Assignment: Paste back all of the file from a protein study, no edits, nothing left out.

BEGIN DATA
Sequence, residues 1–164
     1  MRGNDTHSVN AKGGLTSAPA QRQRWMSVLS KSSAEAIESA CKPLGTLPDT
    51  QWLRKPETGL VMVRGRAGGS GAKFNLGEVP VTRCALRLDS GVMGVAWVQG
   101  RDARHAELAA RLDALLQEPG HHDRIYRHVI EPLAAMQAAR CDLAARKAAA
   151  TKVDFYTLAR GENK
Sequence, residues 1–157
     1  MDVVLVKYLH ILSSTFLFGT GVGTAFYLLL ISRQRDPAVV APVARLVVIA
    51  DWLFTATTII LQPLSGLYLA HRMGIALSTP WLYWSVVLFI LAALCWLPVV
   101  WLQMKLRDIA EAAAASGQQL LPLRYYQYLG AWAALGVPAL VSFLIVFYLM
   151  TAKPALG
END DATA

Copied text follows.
Sequence, residues 1–164
     1  MRGNDTHSVN AKGGLTSAPA QRQRWMSVLS KSSAEAIESA CKPLGTLPDT
    51  QWLRKPETGL VMVRGRAGGS GAKFNLGEVP VTRCALRLDS GVMGVAWVQG
   101  RDARHAELAA RLDALLQEPG HHDRIYRHVI EPLAAMQAAR CDLAARKAAA
   151  TKVDFYTLAR GENK
Sequence, residues 1–157
     1  MDVVLVKYLH ILSSTFLFGT GVGTAFYLLL ISRQRDPAVV APVARLVVIA
    51  DWLFTATTII LQPLSGLYLA HRMGIALSTP WLYWSVVLFI LAALCWLPVV
   101  WLQMKLRDIA EAAAASGQQL LPLRYYQYLG AWAALGVPAL VSFLIVFYLM
   151  TAKPALG